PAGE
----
The second question was whether two evaluations would be assigned in case of a left varicocele with right hydrocele. VA would assign a single evaluation regardless of whether there is varicocele or hydrocele. Both conditions affect the same organ and have similar disabling effects. Evaluating these conditions separately would create pyramiding. See 38 CFR 4.14 (stating that the evaluation of the same disability under various diagnoses is to be avoided). Lastly, while these conditions may cause a decrease in fertility, or the existence of infertility, neither cause a reduction in earning capacity. While varicocele or hydrocele may be associated with infertility, infertility does not impair earning capacity and is not in itself a disability for VA rating purposes. See 38 CFR 4.1.
Finally, the same commenter asked whether separate multiple zero-percent evaluations under proposed DC 7543 could warrant compensation. As noted above, VA would not assign multiple zero-percent evaluations under proposed DC 7543. Moreover, 38 CFR 3.324, Multiple Noncompensable Service-connected Disabilities, would not apply to DC 7543 because the regulation requires disabilities “of such character as clearly to interfere with normal employability.” In most cases, for the reasons stated above, the condition evaluated under DC 7543 would not interfere with employability. We do not plan to make any changes based on these comments.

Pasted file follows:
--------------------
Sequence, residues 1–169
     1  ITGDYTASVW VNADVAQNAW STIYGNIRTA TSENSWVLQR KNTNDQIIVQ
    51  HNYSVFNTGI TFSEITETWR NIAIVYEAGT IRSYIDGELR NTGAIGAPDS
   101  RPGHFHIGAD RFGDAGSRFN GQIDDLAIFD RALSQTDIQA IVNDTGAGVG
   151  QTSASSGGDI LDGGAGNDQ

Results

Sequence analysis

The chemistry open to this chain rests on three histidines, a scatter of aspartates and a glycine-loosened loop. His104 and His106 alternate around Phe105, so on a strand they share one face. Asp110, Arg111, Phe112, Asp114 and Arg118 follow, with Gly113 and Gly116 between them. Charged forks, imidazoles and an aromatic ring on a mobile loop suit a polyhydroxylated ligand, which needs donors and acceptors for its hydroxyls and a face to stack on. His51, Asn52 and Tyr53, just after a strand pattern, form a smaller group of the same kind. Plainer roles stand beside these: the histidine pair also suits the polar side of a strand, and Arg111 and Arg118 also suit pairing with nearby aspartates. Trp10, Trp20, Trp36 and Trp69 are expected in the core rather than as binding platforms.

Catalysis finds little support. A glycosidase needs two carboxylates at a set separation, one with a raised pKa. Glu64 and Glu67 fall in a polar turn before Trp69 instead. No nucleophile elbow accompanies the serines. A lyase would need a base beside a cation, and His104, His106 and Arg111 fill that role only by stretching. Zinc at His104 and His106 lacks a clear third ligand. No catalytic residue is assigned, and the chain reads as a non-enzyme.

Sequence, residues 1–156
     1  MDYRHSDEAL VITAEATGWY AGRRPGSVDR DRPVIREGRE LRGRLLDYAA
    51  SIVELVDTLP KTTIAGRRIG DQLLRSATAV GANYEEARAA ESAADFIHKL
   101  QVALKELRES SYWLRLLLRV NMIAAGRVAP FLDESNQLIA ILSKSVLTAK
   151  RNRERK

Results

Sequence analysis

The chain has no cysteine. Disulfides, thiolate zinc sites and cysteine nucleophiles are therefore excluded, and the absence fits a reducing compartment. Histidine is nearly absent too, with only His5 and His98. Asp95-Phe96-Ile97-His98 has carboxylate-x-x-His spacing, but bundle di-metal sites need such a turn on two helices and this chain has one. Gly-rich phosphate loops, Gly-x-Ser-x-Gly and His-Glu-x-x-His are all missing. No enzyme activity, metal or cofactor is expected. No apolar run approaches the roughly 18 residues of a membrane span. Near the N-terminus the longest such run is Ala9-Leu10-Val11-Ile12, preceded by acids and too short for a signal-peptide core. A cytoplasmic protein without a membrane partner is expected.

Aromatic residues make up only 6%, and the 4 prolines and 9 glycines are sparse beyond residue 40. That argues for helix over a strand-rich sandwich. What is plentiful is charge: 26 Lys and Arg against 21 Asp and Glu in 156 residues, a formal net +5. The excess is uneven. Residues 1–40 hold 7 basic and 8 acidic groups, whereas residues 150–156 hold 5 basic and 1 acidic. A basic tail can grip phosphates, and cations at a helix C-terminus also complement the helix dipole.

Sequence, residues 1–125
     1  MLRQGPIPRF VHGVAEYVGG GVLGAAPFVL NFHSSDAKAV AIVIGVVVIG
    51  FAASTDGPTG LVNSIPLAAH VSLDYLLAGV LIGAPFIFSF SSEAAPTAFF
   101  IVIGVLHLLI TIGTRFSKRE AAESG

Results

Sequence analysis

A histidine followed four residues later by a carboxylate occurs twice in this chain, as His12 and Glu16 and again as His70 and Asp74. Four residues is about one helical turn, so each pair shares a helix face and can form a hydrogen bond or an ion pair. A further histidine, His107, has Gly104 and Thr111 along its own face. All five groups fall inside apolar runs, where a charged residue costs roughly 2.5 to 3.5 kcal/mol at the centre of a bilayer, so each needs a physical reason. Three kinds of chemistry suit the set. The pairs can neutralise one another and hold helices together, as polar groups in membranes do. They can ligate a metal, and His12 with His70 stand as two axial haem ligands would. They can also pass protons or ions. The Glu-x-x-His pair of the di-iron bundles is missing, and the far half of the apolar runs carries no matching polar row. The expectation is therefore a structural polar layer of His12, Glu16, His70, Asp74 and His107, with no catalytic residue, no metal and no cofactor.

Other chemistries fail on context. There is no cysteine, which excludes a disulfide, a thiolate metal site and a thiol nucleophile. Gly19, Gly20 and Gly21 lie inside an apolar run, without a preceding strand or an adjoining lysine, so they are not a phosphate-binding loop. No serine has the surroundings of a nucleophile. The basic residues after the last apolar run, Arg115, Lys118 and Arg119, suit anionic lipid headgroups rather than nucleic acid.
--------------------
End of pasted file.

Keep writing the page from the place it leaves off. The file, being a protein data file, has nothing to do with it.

VI. Comments Beyond the Scope of This Rulemaking
A. Mental Distress, Mental Disorders, and Genitourinary Disorders
Two commenters requested changes to 38 CFR 4.130 in their public comments. One commenter disagreed with the proposed removal of a 20-percent rating for ED under DC 7522 and pointed to mental distress caused by ED. The commenter recommended expanding 38 CFR 4.130 to include mental distress caused by ED. The other commenter disagreed with the noncompensable evaluation for decrease/loss of fertility under proposed DC 7543 and recommended expanding 38 CFR 4.130 to include mental distress caused by decreased/lost fertility.